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Friday, December 7, 2018

Weekly Author Fridays featuring Nicki Pau Preto - Author Interview

It's officially December and I am very much in the festive/holiday spirit!  It's Friday and we all know what that means!  Today, I am excited to feature Nicki Pau Preto, author of Crown of Feathers this week!

About Nicki
Nicki is a young adult fantasy author living just outside Toronto, Canada. After getting a degree in visual arts, a masters in art history, and a diploma in graphic design, Nicki discovered two things: She loves to escape the real world, and she isn’t interested in a regular nine-to-five life. Luckily, her chosen career covers both.

What made you start writing? 
Unoriginal answer: Harry Potter. J. K. Rowling made it look so easy, which is actually quite laughable, because Harry Potter has to be one of the most complex and meticulously plotted series ever written. Ignorance is bliss.

How long have you been writing? 
I have been writing for a little over 10 years. I decided I wanted to be a writer near the end of high school, but didn’t write a full book until I was 23.

Can you tell us a little about your book? 
Crown of Feathers is about two orphaned sisters who dream of becoming legendary Phoenix Riders, even though they’re believed to be nearly extinct. After her controlling sister Val betrays her, Veronyka strikes out alone to find the Riders—even though that means disguising herself as a boy to join their ranks. Over time she earns the respect of the Riders, particularly fiercely honest and honorable Tristan, but then her sister turns up, threatening to reveal Veronyka secrets that will rip it all apart. But a much greater threat is approaching: the empire has learned of the Phoenix Riders’ return, and intends to see them destroyed, once and for all.

How did you get the idea for writing Crown of Feathers? Were there any real life inspirations behind your writing? 
Most ideas tend to be a convergence of several different things. I knew I wanted to write a “girl dressed as boy” trope, because it’s an all-time fave, and I wanted to write about sisters who wound up on opposite sides of a war. Then, with all the Game of Thrones excitement, I thought there would be an upswing in dragon books. I wanted to write something fiery and exciting like that, but maybe a bit more unique. Then I thought of phoenixes, and everything came together!

Who is your favorite character in the book and why? Or, which character was the most fun to write and why? 
I think I have the most fun writing side characters, because as a reader, we can never really know their thoughts or motivations. The character Trix, for instance, is delightfully strange and cryptic, and I always enjoy writing her snappy dialogue. The character Sparrow is also a lot of fun, because she has this amazing mix of youthful innocence and blunt honesty. Both of them walked onto the page fully formed, and I didn’t do a lot of planning to make them feel real. They just were, and begged to be written.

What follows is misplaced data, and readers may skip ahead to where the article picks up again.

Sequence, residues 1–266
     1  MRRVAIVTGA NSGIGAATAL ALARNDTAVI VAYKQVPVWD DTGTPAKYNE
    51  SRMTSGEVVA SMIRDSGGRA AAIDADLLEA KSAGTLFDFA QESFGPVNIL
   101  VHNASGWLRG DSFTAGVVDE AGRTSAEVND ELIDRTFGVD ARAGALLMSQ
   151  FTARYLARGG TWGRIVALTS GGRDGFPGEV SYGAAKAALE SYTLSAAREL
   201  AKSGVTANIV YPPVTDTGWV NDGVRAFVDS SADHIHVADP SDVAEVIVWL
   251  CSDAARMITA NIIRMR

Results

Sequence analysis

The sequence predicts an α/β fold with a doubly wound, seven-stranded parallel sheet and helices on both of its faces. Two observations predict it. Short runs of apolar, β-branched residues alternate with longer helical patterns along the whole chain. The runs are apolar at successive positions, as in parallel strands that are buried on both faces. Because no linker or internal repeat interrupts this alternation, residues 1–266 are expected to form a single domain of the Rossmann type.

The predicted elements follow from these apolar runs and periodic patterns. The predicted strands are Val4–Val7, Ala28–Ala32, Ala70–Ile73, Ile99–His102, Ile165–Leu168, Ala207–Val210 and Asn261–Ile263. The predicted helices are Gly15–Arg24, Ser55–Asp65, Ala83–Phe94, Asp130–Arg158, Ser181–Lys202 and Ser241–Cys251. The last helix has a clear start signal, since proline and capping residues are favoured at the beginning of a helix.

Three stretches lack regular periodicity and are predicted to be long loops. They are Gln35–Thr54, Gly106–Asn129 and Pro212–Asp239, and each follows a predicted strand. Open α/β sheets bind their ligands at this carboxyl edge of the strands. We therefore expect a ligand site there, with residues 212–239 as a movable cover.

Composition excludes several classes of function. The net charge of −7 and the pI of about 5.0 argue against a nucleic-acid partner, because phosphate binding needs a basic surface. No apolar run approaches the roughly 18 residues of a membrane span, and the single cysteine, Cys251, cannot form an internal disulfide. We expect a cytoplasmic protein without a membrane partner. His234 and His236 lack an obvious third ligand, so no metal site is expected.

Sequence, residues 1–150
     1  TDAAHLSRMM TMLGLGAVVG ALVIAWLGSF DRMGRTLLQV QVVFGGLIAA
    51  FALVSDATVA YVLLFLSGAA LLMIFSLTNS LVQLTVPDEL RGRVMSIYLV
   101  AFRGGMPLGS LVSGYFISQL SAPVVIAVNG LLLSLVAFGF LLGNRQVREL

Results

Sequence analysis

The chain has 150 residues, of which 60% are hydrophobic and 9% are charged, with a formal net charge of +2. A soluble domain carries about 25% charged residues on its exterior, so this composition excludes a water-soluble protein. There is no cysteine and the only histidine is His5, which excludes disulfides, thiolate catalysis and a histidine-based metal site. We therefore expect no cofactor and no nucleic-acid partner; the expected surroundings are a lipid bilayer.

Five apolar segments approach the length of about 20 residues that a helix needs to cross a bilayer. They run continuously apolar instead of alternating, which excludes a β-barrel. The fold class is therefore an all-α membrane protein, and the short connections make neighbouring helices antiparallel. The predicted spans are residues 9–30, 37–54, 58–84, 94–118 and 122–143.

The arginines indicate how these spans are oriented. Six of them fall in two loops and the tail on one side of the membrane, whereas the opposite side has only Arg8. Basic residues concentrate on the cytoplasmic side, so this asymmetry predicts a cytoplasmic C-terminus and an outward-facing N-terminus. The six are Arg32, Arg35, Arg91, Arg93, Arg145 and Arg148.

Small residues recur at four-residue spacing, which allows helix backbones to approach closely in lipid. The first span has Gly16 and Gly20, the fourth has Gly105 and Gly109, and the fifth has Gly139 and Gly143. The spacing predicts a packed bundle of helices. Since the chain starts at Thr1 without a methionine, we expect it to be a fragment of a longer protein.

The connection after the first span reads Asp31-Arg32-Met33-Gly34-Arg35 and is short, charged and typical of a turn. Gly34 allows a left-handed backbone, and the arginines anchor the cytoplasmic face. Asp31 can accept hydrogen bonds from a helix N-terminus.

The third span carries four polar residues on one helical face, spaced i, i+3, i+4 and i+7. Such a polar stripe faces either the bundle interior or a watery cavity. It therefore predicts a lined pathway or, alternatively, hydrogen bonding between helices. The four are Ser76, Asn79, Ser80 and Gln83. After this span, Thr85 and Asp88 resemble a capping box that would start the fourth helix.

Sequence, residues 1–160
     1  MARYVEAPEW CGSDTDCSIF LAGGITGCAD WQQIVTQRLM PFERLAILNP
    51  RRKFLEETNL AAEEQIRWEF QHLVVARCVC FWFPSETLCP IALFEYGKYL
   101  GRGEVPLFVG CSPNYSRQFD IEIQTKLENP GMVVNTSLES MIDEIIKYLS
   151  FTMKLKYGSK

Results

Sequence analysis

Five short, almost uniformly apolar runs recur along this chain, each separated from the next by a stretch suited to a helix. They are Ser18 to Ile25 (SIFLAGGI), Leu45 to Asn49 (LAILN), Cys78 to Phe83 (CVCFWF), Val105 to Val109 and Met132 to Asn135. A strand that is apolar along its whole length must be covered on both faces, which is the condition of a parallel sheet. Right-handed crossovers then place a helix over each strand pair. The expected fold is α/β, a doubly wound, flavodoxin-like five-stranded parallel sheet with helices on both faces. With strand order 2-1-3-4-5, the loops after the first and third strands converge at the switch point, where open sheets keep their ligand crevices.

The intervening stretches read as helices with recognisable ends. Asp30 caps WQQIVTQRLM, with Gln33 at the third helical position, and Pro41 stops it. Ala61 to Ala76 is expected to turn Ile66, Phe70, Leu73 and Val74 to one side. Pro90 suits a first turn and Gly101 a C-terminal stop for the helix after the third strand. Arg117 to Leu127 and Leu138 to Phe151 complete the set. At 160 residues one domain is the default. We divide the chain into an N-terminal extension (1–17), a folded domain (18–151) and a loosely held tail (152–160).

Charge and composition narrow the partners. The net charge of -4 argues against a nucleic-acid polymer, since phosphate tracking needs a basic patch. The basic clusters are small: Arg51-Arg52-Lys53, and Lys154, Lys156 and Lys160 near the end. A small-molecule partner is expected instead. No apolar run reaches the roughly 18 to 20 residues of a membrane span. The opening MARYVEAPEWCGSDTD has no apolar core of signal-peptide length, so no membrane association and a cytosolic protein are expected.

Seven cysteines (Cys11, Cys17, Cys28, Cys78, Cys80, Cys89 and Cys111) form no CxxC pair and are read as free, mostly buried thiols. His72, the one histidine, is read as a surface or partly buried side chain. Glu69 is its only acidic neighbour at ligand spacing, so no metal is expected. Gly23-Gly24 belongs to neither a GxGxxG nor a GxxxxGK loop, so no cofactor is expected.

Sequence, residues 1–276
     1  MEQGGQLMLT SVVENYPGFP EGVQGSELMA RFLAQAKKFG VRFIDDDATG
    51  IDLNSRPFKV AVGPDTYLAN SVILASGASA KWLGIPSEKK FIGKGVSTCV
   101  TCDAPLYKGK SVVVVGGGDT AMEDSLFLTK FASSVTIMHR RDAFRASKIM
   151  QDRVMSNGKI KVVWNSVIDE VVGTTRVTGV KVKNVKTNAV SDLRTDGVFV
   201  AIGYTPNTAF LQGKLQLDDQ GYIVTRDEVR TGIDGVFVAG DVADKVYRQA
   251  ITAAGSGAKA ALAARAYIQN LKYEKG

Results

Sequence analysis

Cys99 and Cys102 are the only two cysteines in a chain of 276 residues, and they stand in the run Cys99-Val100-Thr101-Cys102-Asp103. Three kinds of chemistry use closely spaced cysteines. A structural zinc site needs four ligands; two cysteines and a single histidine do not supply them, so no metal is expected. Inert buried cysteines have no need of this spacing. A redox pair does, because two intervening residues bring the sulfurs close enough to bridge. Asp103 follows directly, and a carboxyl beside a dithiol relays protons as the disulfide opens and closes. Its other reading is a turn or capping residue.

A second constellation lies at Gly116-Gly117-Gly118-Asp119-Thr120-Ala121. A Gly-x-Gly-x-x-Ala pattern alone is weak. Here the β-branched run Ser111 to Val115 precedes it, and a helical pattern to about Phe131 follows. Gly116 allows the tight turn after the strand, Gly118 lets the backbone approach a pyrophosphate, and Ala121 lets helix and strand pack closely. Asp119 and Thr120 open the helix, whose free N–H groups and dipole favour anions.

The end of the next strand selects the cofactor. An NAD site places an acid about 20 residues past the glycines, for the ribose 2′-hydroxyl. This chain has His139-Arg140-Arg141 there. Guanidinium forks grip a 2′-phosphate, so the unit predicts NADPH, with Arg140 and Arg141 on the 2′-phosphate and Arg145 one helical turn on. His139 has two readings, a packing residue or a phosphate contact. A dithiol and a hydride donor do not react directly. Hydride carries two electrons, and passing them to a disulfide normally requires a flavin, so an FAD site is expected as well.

What scene from Crown of Feathers are you most excited for readers to experience? No spoilers though! 
This is a hard question! I’m super excited for readers to get to the scenes with Tristan and Veronyka. I think that, besides the sisters, Veronyka’s relationship with Tristan is the heart of the story.

How long did it take for you to finish writing the book? 
It took me about 8 months to outline, draft, and revise the book before I started looking for an agent, but the idea had been living with me for about a year before that. I worked on the book again with my agent for about a month, and then we sold. After that, many more months (about 6) of work with my editor until it was ready for typesetting and proof reading and all the final steps of publishing. This is fairly fast for me. I worked on my book before COF for about 3 years.

Do you have a writing routine? 
I’m super lucky that I work from home as a freelance graphic designer as well as an author, so I can make my own hours and schedule my day depending on deadlines and shifting priorities. I tend to write better in the morning, before the rest of the world crowds in and distracts me, or late at night, when it feels like the world is asleep again. In the morning I write with tea, and sometimes in the evening I pour a glass (or two!) of wine. When I write I usually light a candle (mood lighting) and listen to epic music soundtracks (Game of Thrones is a personal favorite).

What was the hardest part of writing? 
Focus, I think. It’s hard to devote yourself to something that takes so long to be finished. Most work and other forms of art have a more immediate payoff. It takes months to feel payoff on a book, so you have to keep pushing even when it seems like the finish line keeps moving farther and farther away. That’s also why it’s so important to set smaller, more achievable goals (like daily word count) to break the larger task up into manageable chunks. 

What’s the next step in your writing career? 
Finishing book 2! Then, who knows. I’ve got lots of ideas cooking, but I’m a fantasy fan at heart, so I think most things I write will be within that Sci-Fi/Fantasy spectrum.



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